There’s a multitude of stowage areas, from cubby holes in the dashboard top and door bins to a storage compartment in the roof on Laureate models. There’s also a huge 475 litre boot that can be expanded to 1636 litres with the seats folded, providing there’s no spare wheel fitted. The boot can be kitted out with a hose down floor covering – handy for dog owners or gardeners – and the load lip isn’t very pronounced so loading bulky items should be easy.
Additionally there’s a decent amount of space for rear seat passengers. Even teenagers will fit, so the Duster is a smart choice of family car – but you do have to forgive some flaws. The driver seat, for example, wobbles noticeably at its lowest height setting and the controls for ventilation are very stiff to operate.
Add to that a slightly confusing radio, old-fashioned dashboard illumation and some fairly flimsy feeling switches and it’s hard to call the Duster’s cabin plush. It’s easily forgiven when you consider the price, though – a mid-spec Duster is a similar price to a mid-spec Ford Fiesta or Vauxhall Corsa, both of which are far less practical.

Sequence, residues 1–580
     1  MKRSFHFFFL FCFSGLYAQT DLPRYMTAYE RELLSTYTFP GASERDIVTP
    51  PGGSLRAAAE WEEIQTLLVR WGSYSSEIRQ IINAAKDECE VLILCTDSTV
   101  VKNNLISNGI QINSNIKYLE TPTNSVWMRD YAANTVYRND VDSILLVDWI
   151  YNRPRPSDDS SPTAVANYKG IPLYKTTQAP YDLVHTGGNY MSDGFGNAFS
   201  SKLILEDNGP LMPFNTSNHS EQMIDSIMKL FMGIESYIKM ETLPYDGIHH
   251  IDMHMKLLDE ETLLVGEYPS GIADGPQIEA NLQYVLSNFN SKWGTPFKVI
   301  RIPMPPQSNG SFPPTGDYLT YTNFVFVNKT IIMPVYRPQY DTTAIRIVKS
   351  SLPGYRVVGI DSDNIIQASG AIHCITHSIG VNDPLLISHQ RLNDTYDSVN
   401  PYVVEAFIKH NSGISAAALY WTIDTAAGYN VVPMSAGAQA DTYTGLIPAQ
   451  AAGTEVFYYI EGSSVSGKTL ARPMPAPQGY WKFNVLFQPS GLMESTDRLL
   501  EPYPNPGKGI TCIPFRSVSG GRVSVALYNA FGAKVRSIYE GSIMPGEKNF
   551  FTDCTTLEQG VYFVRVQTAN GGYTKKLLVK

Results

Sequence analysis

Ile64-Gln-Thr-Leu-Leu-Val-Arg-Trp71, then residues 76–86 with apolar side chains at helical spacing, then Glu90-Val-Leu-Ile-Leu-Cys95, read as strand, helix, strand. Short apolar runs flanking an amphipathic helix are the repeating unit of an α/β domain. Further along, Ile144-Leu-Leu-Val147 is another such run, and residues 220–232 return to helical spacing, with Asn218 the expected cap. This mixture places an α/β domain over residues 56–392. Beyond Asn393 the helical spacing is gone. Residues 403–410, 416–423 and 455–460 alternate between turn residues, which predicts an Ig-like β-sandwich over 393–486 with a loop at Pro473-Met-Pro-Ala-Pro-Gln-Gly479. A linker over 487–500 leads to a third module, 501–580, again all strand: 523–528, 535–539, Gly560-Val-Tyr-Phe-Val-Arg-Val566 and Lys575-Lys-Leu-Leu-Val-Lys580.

Access models come with steel wheels, black bumpers and door mirrors, remote central locking, one-piece folding bench rear seat, electric front windows and Isofix mounting points.
Ambience models gain front fog lights, radio CD player with steering column controls, Bluetooth, Aux/USB connectivity, 60/40 split rear seats, height adjustable driver’s seat and a choice of colours.
Laureate models gain 16-inch alloy wheels, body-coloured bumpers and door mirrors, satin chrome door handles and side sills, leather steering wheel cover, satin black interior detailing, manual air conditioning, electrically adjustable heated door mirrors, onboard computer with fuel economy readout and a roof storage compartment.
Child seats that fit a Dacia Duster (2012 – 2018)Our unique Car Seat Chooser shows you which child car seats will fit this car and which seat positions that they will fit, so that you don't have to check every car seat manufacturer's website for compatibility.
What's the Dacia Duster (2012 – 2018) like to drive?
Dacia originally offered two engines. Entry level Access models come with a 1.6-litre petrol engine which produces 105PS and 148Nm of torque which officially manages 40mpg. It’s perfectly acceptable for shorter trips and twisting roads, but those who drive on the motorway will find it a bit too loud. Thankfully the 1.5-litre dCi diesel is a much better cruiser.